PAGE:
They appeal to the Chief, but he either can't or won't order Pakku to teach Aang against his will…unless Katara gives a suitably humble apology. She's about to, but Pakku's smugness finally pushes her over the edge, and she challenges him to a fight instead. He ignores her challenge…her insults…her impugning his manhood…but when she smacks him in the back of the head with a water whip, she finally gets her fight.

She loses, of course. What did you expect? She's enormously talented – a prodigy, really – but he's enormously talented, too, and he's been doing this his whole life. It's like a fourth-level character with all 18s in the relevant stats going up against a 20th-level character, or a 14-year-old Michael Jordan going up against whoever was the NBA MVP that year. Thing is, to judge by Pakku's reactions – and those of the watching crowd – no one has ever given him this much of a fight, let alone some half-taught teenage girl. She actually puts him on the defensive once or twice.

When the fight is over, he notices Katara's necklace lying on the snow, it having been knocked off during the fight. Like the healing teacher, he recognizes it immediately: he made it himself sixty years ago, for the great love of his life. Katara – softie that she is – immediately offers her sympathies, and suggests that Kanna left because she refused to let her birth tribe's restrictive traditions (in this case an arranged marriage) rule her life.

Ladies and Gentleman, I give you Master Pakku of the Northern Water Tribe: Poster Child for Patriarchy Hurts Men, Too.

And he seems to realize it, too, because the next morning we see Aang and Katara both running into his class, where he asks what they think they're doing…getting there so late.

The Siege of the North – This is the epic finale of the first season, and everybody – male and female, young and old – kicks truly astounding amounts of ass (well, Katara only kicks one ass, but it's an extremely challenging ass. Quality instead of quantity). But there are only a couple points that are of interest to us here.

First is the follow-up to the Pakku storyline. The first thing we see in this episode is Katara taking one of her classmates down with a cocky grin on her face. No, his wasn't the high-quality ass I was talking about. Then we see that she's done much the same to the entire rest of the class. Pakku steps up and – after confirming that no one else wants to face her again – praises her as the greatest student he's ever taught, a fine example of what hard work and fierce determination can do. Give the man credit: once you convince him he's wrong, he changes wholeheartedly. He then goes on to say that raw talent isn't enough, with a significant glance at Aang, who's sitting off to the side playing with Momo.

This establishes a pattern for the rest of the series: Aang will always be more powerful by far than Katara (as the Avatar is always more powerful by far than every other bender on the planet), but she will always be the more skilled, because she works harder at it. Indeed, from the beginning of next season on, she's his teacher.

The other thing we need to look at is a subplot that I neglected in last episode that comes to the fore in this episode: Sokka's whirlwind romance with Princess Yue.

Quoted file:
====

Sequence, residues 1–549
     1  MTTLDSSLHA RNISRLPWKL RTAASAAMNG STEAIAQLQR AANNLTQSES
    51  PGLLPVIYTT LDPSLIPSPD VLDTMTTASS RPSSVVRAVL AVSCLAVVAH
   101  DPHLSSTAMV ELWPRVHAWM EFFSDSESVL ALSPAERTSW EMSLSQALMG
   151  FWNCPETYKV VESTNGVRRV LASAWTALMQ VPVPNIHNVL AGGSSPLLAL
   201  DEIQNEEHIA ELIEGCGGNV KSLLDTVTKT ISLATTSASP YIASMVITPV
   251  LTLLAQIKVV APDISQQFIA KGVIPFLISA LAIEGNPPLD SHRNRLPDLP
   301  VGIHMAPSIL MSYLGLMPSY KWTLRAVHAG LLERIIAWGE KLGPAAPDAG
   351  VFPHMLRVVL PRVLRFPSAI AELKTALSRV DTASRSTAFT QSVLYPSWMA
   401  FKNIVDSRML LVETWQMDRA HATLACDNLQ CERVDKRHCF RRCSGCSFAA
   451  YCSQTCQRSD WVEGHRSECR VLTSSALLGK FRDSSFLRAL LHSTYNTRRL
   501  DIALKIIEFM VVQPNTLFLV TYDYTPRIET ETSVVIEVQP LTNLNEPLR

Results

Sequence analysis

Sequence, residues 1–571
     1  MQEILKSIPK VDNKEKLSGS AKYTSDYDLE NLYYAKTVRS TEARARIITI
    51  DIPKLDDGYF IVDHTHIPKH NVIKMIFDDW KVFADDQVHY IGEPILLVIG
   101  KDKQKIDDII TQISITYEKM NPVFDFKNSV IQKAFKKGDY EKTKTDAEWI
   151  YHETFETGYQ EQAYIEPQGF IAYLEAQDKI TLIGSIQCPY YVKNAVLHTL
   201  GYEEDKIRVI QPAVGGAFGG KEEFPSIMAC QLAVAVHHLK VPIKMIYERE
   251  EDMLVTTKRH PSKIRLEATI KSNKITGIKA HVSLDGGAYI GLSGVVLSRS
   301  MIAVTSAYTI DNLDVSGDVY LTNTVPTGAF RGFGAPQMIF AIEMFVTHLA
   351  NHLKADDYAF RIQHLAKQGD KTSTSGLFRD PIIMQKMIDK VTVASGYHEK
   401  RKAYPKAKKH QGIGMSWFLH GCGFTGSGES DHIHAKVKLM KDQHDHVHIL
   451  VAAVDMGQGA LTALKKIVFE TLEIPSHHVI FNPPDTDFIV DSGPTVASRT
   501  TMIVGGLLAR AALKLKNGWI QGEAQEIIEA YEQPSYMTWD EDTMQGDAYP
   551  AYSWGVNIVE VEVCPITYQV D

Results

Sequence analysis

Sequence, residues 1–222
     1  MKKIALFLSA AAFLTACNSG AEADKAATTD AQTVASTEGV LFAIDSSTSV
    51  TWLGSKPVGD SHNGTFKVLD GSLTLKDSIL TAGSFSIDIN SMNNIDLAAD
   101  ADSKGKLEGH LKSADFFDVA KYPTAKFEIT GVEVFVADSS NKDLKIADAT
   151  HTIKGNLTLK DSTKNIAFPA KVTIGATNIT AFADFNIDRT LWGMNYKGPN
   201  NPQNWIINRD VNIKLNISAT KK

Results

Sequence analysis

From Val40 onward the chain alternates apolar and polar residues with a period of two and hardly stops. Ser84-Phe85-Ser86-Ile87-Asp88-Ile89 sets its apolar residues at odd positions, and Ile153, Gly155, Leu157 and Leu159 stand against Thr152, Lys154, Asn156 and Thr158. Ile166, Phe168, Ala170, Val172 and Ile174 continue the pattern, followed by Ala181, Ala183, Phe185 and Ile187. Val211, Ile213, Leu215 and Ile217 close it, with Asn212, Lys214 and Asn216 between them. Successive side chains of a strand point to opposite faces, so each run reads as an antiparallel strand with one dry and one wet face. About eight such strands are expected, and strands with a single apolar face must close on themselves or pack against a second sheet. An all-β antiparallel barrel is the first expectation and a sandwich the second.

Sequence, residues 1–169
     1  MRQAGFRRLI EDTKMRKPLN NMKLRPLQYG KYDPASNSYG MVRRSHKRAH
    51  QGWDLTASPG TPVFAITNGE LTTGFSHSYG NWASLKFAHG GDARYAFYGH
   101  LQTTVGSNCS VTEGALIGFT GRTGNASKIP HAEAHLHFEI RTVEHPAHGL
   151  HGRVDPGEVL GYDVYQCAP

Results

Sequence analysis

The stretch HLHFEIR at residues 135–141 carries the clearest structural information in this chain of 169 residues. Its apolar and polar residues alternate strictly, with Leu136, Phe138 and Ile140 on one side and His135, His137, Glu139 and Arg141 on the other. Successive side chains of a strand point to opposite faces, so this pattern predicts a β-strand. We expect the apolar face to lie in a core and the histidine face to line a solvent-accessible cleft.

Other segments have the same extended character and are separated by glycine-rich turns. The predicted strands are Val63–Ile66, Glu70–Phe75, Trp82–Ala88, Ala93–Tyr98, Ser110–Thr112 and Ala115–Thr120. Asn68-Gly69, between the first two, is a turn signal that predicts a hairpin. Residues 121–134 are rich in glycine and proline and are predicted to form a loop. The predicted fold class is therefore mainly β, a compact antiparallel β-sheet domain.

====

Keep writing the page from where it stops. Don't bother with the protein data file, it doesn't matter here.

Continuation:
Now, for one thing, it's a bit odd that the Northern Water Tribe even has a princess. Sokka and Katara are the children of the chief of the Southern Water Tribe, and they're neither treated nor addressed as royalty. They're honored guests in the Northern Water Tribe, heroes (or anonymous travelers) in the Earth Kingdom and "filthy peasants" in the Fire Nation, but wherever they may go, they're commoners. So whence comes this "princess" business?

Anyway, Yue is every inch the proper, well-behaved young lady that the Northern Water Tribe could wish for in a princess. That's the problem. Sokka, with his goofy charm and his eagerness to – y'know – actually spend time and do activities (yes, that's exactly what he invites her to do) with her wins her over quite quickly.

Thing is, she's already engaged to a Grade A doucehnozzle named Hahn – arranged marriage. When we – and Sokka – meet Hahn, he's talking about all the girls he's "courted" (judging by the leer and the tone of voice, he's not boasting about how many bouquets of flowers he's bought over the years), but that Yue has the best "perks." Sokka, as we'd all like to do at that moment, promptly clocks him. Be that as it may, Yue won't break off her engagement (if she even can)…it's all for the good of her people.

No, don't ask me why her people need her to marry such an asshole. The best I can come up with is that Chief Arnook isn't a strong leader (he certainly doesn't have the personal force of Hakoda of the Southern Tribe), and needs a political alliance with Hahn's family to prevent a schism in the tribe. Or maybe the Northern Tribe would be demoralized if their princess broke their traditions so.

Sokka is horrified at the very idea. Apparently, patriarchal as the Southern Water Tribe is, marriage is still about love instead of duty, and is freely chosen by those involved.

Man. You're talking something serious in the way of sexism when you manage to shock a Water Tribesman, aren't you?

In the end, the situation is rendered moot. Yue is a quiet girl, not powerful and brash like Katara, nor highly-trained and professional like Suki, but she ends up doing a service for her tribe far greater than a political marriage could ever have been.

Which brings us to the end of this leg of our trip. Join me next time for Season 2, and the introduction of all the female characters who bring some actual balance to this show – in particular, everybody's favorite mini-Starbuck and the most terrifying 14-year-old you will ever meet.